Liu-Helmersson, Jing
    et al.
    Umeå University, Faculty of Medicine, Department of Public Health and Clinical Medicine, Epidemiology and Global Health.
    Quam, Mikkel
    Umeå University, Faculty of Medicine, Department of Public Health and Clinical Medicine, Epidemiology and Global Health.
    Wilder-Smith, Annelies
    Umeå University, Faculty of Medicine, Department of Public Health and Clinical Medicine, Epidemiology and Global Health. Lee Kong Chian School of Medicine, Nanyang Technological University, Singapore.
    Stenlund, Hans
    Umeå University, Faculty of Medicine, Department of Molecular Biology (Faculty of Medicine).
    Ebi, Kristie
    Umeå University, Faculty of Medicine, Department of Public Health and Clinical Medicine, Epidemiology and Global Health. University of Washington, Seattle, Washington, USA.
    Massad, Eduardo
    School of Medicine, University of Sao Paulo, Brazil.
    Rocklöv, Joacim
    Umeå University, Faculty of Medicine, Department of Public Health and Clinical Medicine, Epidemiology and Global Health.
    Climate change and Aedes vectors: 21st century projections for dengue transmission in Europe2016In: EBioMedicine, ISSN 0360-0637, E-ISSN 2352-3964, Vol. 7, p. 267-277Article in journal (Refereed)
    Abstract [en]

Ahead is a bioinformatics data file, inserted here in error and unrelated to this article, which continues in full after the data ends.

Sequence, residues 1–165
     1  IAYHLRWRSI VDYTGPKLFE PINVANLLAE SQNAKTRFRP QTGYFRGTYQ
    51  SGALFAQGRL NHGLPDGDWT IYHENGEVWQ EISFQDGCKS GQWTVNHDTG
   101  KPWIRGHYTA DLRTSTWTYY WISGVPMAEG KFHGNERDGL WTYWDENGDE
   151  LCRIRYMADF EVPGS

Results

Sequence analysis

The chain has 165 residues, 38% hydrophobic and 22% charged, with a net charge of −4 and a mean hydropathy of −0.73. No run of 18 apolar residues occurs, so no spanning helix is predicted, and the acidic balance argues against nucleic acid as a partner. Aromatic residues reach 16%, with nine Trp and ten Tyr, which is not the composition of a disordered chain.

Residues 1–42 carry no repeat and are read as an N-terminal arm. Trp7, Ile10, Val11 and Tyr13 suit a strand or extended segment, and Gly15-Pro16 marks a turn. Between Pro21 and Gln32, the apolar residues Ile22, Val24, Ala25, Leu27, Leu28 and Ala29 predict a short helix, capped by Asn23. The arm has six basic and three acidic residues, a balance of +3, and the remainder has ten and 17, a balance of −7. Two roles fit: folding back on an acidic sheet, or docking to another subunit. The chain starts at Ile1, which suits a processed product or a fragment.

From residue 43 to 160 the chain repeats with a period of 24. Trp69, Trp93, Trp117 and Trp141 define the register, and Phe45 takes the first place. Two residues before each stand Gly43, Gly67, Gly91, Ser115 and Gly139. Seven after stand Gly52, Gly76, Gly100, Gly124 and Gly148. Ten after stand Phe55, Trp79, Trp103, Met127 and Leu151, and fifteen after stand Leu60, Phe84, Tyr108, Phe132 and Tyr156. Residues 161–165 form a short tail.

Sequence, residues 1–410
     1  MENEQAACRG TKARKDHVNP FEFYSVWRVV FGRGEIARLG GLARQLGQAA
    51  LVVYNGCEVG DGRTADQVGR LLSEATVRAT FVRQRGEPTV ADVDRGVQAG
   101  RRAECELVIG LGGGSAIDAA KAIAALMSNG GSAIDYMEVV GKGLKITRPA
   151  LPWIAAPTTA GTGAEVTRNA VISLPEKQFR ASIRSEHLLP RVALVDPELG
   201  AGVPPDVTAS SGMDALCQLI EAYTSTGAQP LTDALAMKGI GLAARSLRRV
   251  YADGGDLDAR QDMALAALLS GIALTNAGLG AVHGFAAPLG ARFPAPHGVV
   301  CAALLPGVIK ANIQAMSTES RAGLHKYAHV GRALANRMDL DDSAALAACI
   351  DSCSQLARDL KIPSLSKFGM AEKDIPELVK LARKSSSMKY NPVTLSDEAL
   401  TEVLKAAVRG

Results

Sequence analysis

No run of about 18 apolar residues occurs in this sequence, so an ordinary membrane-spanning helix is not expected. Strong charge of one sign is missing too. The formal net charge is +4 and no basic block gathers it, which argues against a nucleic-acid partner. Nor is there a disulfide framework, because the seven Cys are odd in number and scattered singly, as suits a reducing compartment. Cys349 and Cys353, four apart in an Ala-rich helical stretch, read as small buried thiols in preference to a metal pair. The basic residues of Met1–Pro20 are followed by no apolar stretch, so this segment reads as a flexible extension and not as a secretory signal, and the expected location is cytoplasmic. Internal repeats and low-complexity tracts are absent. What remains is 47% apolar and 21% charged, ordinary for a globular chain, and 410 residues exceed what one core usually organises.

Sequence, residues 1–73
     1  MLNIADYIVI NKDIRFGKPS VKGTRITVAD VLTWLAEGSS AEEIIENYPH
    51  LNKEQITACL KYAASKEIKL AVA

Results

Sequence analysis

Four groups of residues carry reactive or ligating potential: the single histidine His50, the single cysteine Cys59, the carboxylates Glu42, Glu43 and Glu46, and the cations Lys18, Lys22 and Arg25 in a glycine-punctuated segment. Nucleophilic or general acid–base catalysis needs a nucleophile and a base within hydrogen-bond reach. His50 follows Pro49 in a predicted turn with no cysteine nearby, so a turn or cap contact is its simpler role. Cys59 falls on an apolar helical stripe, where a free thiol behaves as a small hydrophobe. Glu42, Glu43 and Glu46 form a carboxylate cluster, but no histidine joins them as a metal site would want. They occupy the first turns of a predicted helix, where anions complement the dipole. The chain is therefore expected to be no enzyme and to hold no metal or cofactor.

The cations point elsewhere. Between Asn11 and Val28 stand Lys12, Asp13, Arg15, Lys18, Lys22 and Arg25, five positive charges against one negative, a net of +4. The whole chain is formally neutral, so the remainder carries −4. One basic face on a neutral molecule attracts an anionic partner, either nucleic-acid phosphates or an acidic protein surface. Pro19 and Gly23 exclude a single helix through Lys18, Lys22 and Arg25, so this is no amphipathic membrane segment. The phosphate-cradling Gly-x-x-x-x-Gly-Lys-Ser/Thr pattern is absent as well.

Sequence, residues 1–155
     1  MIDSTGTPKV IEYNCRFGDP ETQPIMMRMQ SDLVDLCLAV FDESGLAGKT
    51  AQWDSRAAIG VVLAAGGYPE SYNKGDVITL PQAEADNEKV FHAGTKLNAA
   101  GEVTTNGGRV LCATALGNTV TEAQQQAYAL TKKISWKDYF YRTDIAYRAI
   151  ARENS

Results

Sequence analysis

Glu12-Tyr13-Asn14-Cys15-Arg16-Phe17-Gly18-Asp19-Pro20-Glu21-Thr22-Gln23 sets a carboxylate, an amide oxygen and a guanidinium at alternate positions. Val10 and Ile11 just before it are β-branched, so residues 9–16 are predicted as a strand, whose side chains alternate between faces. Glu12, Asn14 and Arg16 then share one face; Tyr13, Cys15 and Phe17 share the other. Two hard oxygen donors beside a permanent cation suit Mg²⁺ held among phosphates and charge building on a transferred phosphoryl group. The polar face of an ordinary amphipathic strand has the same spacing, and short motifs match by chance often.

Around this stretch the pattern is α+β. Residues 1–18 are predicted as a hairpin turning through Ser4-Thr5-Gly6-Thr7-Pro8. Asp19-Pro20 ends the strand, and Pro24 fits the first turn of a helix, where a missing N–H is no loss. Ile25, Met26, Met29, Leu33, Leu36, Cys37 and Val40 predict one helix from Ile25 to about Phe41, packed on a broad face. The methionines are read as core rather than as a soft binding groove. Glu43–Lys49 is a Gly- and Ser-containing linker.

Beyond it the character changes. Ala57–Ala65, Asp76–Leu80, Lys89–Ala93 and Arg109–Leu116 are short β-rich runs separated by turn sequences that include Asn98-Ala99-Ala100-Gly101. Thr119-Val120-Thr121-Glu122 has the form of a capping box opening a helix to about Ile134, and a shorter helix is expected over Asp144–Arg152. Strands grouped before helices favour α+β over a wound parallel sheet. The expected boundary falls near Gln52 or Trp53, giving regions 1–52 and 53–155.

Warming temperatures may increase the geographic spread of vector-borne diseases into temperate areas. Although a tropical mosquito-borne viral disease, a dengue outbreak occurred in Madeira, Portugal, in 2012; the first in Europe since 1920s. This outbreak emphasizes the potential for dengue re-emergence in Europe given changing climates. We present estimates of dengue epidemic potential using vectorial capacity (VC) based on historic and projected temperature (1901–2099). VC indicates the vectors' ability to spread disease among humans. We calculated temperature-dependent VC for Europe, highlighting 10 European cities and three non-European reference cities. Compared with the tropics, Europe shows pronounced seasonality and geographical heterogeneity. Although low, VC during summer is currently sufficient for dengue outbreaks in Southern Europe to commence–if sufficient vector populations (either Ae. aegypti and Ae. albopictus) were active and virus were introduced. Under various climate change scenarios, the seasonal peak and time window for dengue epidemic potential increases during the 21st century. Our study maps dengue epidemic potential in Europe and identifies seasonal time windows when major cities are most conducive for dengue transmission from 1901 to 2099. Our findings illustrate, that besides vector control, mitigating greenhouse gas emissions crucially reduces the future epidemic potential of dengue in Europe.